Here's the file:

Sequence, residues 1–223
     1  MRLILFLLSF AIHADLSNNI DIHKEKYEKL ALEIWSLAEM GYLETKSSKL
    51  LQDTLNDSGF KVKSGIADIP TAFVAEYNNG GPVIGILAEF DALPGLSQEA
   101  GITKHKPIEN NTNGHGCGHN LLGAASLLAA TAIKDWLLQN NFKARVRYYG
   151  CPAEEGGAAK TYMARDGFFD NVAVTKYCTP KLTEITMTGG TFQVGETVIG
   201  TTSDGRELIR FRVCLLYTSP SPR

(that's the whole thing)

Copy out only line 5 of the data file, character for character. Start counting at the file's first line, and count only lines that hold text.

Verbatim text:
   151  CPAEEGGAAK TYMARDGFFD NVAVTKYCTP KLTEITMTGG TFQVGETVIG